Best Chef’s Types of Knives

Best Chef's Types of Knives

Best Chef’s Types of Knives there are a number of different knives designed for a variety of kitchen tasks. These include the cleaver, which is one of the largest and heaviest knives and is often used for breaking up meat and other hard and thick foods.

A chef’s knife is a versatile kitchen knife that can do almost all of your basic kitchen tasks. It is generally between 8-12 inches long.

Best Chef's Types of Knives
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A large kitchen knife that resembles a rectangular-bladed hatchet, the cleaver is built for breaking down meat and other dense foods. It is a workhorse that handles tasks that would wear out a normal utility knife, such as mincing garlic or cutting tomatoes.

A cleaver’s tough metal and thick blade built to resist repeated blows directly into a hard food such as bone, cartilage, or sinew, that might crack or break thinner knives. These brawny kitchen tools also excel at crushing ingredients like watermelons and tough-skinned squashes. The longer blades can weigh as much as two pounds. They may feature a hole at the end to hang the knife for storage.


A friendly bully to the cleaver, the boning knife maneuvers around joints with ease and precision. Designed to separate meat from the bone, it comes in handy when cutting up chicken legs or butterflying pork chops. Its agile, flexible high-carbon, stainless steel blade typically made from slightly more ductile materials, making it less prone to damage from harder foods like bones or cartilage.

Best Chef's Types of Knives
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Boning knives are available in a range of styles and lengths, with blades between 4 and 7 inches long. They are also great for removing skin and preparing fish cuts before cooking.


Knives vary widely in their uses and features, but the edge is nearly always the most important part. It what gives the knife its cutting power and allows it to used for a wide variety of tasks.

This category generally includes larger chef’s knives and carving knives (serrated and straight blade) – ideal for people more confident with handling a heavier knife and cooking larger main dishes. These not typically used for cleaving meat bones or smaller precision tasks, though specialty knives.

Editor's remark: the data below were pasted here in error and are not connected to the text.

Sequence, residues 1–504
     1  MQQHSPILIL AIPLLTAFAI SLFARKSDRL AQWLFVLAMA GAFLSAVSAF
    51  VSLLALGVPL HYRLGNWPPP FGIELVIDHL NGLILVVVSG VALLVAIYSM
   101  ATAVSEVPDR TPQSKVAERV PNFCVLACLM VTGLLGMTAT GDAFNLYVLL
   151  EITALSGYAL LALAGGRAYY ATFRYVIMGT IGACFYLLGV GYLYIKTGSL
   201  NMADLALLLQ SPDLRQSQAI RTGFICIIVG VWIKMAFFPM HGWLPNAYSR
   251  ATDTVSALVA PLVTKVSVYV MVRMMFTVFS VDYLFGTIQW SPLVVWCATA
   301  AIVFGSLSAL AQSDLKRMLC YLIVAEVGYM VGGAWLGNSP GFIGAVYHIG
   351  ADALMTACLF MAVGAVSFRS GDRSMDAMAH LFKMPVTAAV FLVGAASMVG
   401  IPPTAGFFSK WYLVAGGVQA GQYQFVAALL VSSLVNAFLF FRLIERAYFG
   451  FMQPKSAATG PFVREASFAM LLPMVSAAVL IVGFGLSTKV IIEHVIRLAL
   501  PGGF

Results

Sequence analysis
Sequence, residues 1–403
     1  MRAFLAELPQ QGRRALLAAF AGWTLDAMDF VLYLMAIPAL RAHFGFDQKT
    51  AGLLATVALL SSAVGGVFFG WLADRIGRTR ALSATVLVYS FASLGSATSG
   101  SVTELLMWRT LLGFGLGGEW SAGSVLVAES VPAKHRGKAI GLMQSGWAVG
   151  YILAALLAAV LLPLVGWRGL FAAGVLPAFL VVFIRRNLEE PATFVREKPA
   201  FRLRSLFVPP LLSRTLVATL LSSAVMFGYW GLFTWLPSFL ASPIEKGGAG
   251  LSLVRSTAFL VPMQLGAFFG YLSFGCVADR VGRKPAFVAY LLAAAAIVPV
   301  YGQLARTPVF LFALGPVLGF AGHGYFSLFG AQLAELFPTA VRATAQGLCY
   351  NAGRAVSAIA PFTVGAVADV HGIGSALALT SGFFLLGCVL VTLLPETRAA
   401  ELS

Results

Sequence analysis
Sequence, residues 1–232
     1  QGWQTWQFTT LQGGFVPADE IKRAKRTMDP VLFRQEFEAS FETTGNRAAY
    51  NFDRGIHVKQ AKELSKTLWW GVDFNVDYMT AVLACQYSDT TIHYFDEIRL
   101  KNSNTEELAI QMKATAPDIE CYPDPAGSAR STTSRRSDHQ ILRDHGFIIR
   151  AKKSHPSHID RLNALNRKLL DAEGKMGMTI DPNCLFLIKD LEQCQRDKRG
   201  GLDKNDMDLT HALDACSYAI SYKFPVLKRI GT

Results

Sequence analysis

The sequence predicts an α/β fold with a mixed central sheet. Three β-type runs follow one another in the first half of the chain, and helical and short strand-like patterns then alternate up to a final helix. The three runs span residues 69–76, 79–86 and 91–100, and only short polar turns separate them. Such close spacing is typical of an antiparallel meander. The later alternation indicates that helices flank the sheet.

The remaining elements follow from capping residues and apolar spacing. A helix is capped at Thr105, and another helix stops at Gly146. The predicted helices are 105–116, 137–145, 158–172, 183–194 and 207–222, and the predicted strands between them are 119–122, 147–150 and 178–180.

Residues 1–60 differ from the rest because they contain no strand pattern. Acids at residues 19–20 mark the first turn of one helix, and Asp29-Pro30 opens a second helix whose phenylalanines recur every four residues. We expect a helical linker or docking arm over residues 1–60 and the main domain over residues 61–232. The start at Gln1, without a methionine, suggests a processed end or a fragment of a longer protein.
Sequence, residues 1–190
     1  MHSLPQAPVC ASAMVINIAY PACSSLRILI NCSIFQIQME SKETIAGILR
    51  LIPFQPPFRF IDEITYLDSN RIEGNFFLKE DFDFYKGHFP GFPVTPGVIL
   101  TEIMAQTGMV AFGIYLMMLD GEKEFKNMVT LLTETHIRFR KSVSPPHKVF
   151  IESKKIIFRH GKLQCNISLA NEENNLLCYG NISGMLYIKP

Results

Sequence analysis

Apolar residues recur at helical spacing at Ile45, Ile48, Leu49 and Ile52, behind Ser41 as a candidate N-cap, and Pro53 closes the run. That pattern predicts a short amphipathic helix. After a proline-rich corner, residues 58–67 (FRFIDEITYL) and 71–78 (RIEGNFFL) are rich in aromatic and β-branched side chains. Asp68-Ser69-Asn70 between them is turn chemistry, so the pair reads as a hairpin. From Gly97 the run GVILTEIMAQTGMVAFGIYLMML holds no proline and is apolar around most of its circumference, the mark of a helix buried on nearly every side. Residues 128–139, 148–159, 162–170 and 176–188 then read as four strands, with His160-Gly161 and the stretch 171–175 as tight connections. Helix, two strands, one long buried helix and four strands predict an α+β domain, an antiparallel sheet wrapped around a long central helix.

While general purpose knives like the chef’s knife will cut just about anything you’ll be cooking up in your kitchen, some foods require specialized blades. These specialty blades are one-purpose knives with very specific uses.

Boning knives have narrow, five to six-inch long blades that come in flexible and stiff options depending on the type of meat you’re removing bone from. They’re typically used for poultry, fish and some cuts of beef and pork.

Slicing knives have long, thin blades that either serrated or straight edged. These are great for cutting breads and torting cake layers, but their narrow, sharp blade also makes them perfect for small precision tasks like peeling, chopping and mincing.


Unlike the straight edge of a chef’s knife, which can squish soft or delicate foods, the wavy-looking blade of a bread knife allows you to cut through crust and softer vegetables without pressing down too hard and crushing them. These knives are also great for cutting tomatoes, which require a light touch so they don’t crush the juicy centers.

Longer than a paring knife but shorter than a chef’s knife, utility knives are ideal for general kitchen tasks and smaller precision tasks such as peeling. These versatile blades come in both serrated and straight styles. Typically between 7 and 10 inches in length, their narrow, paddle-shaped blade is usually sharp.

Best Chef's Types of Knives
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From scoring drywall to cutting fabric, rope and twine, utility knives found in many different places. A good utility knife will have a solid handle that feels comfortable to wield, and it should also have a bolster for added protection from accidental slips or cuts.

Utility knives are typically either straight blades or serrated. Straight blades allow for clean cuts, while serrated blades contain tooth-like notches that assist in cutting through foods with rough exteriors but soft interiors, such as breads and tomatoes. The best utility knives have retractable blades to keep the blade safe when not in use. Some also have built-in blade snappers for easy and convenient replacements.

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